" Lord, what are you asking of me in regard to this person? This question can stir the life-force within us.
ASHLAND — For about eight years, I as a Catholic have practiced a form of Jewish ethical-spiritual growth called mussar. Mussar means “discipline” — in the sense of continuous cultivation of the soul in a conscious, ordered manner.

Essential to the mussar model is the notion of life-force, which in Hebrew is yetzer. The root word includes several meanings: form, frame, purpose.

Another translation might be: the inner spiritual energy we all possess. This energy, as we know from experience, can be directed toward good or toward evil.

Jewish sages, our older brothers and sisters in faith, recognize that we all have an innate inclination toward self-absorption and acting with a small view of what is best for us. Mussar (and all of Jewish thought and teaching) urges us toward the true good of the other — toward the person nearest us first and foremost, and, in ever-widening circles, toward all those our lives touch directly or indirectly.

Rabbi Abraham Joshua Heschel wrote: “Self-respect is the root of discipline. The sense of dignity grows with the ability to say no to oneself.”

Echoing Rabbi Abraham Heschel’s insight, we have a continual option: to say “yes” to the other person and a “no” to our narrow, constricted self. This needs, of course, to be distinguished from our true self with our proper and necessary needs and desires.

Right seeing

Many mystics of various traditions insist that right-seeing is primary to union with the Divine and communion with others. If love is the consummate end of our being and becoming, seeing rightly is the indispensable means.

This true seeing requires a humble setting aside of our own limited self-interests; it urges us to see the other as sacred, as made in God’s image and likeness, as deserving of our love, concern and support.

Discerning and deciding

Once our heart sees the truth of another person as God’s icon and her/his needs and desires, we can discern what we are being called to do to love them in the here and now.

Once we authentically encounter the other in her/his true nature and situation, we can ask ourselves inwardly, “How can I serve you?” This question directs our life-force toward them in a self-giving gesture of loving kindness.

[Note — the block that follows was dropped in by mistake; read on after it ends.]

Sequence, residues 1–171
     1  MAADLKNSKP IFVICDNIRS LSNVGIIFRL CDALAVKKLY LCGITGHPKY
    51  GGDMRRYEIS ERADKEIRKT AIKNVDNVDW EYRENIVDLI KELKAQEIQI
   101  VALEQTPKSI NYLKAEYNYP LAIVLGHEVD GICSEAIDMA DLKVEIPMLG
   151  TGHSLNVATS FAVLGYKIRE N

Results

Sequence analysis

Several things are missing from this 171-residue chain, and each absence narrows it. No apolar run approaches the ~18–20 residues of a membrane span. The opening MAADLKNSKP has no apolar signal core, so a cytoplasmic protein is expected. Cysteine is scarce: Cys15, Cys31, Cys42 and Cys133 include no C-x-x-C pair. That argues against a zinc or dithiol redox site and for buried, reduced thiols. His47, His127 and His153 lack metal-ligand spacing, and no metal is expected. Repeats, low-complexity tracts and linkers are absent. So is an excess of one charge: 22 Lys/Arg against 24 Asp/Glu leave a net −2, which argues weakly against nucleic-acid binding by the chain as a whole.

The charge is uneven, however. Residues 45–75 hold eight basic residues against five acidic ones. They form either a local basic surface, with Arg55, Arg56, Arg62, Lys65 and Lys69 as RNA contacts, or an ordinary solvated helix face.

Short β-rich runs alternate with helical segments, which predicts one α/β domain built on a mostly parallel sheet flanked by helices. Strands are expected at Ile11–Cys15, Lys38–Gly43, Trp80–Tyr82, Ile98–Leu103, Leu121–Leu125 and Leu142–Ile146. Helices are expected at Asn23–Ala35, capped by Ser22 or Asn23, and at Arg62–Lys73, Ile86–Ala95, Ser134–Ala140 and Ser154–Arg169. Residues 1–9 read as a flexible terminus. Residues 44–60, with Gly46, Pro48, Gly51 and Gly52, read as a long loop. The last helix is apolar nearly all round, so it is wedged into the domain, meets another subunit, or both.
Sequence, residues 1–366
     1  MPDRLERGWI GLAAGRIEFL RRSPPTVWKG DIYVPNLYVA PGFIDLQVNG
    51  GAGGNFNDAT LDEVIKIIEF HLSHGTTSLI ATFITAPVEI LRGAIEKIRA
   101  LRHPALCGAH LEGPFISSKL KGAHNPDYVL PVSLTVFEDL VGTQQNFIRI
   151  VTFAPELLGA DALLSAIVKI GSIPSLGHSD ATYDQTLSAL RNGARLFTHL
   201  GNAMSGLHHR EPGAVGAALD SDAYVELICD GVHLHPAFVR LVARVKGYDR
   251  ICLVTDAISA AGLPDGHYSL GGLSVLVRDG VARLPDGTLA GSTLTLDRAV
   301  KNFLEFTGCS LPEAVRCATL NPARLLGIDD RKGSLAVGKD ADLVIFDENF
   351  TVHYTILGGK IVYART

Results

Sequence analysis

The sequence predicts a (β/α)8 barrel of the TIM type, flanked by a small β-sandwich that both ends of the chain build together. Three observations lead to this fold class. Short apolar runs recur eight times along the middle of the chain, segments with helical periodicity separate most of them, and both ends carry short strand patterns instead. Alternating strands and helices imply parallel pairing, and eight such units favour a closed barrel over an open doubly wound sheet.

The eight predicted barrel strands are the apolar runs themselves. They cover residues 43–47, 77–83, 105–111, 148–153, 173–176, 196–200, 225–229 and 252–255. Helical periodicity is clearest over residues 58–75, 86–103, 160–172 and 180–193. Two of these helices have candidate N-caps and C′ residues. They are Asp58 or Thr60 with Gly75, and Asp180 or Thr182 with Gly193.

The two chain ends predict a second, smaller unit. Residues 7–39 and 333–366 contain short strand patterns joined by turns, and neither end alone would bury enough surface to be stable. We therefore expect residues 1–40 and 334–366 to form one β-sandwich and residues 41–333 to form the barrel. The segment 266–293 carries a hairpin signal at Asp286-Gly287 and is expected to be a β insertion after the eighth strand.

Skillful acting

Then, of course, we are called to enact what we have discerned as right and proper — loving — toward the other person.

Catholic moral teaching reminds us that we always have three modes at our disposal: thought/prayer, word and deed.

For example, we become acutely aware of those who are sick and suffering from the COVID-19 pandemic. We may be required to shelter-in-place for health and safety reasons. Our best action might be to pray for them. We could also, of course, choose to donate funds to a responsible intermediary organization in service of the victims of COVID-19.

Let’s consider another situation.

I remembered a young man named Albert, whom I had once encouraged as a mentor. Albert and I had lost touch for about 10 years.

I discerned and decided to try to reach him and to reconnect, hoping to hear about his life and developments during the past decade. Through an online search, I found a phone number and called it. It went into voice mail; the recorded voice greeting was unmistakably Albert’s.

I left Albert a message via text. He excitedly replied. Within a couple of days we found time for an extended phone call and catch-up.


Aware that we, by nature, have a vital life-force, a yetzer that can move toward the good of others or toward self-absorbed narrowness and constriction, we can ask an inward question that can illuminate our choices.

Lord, what are you asking of me in regard to this person? This question can stir the life-force within us, making possible a “no” to selfish isolation and a “yes” to connecting with the sacred other before us.

Murphy is a member of Our Lady of the Mountain Parish in Ashland.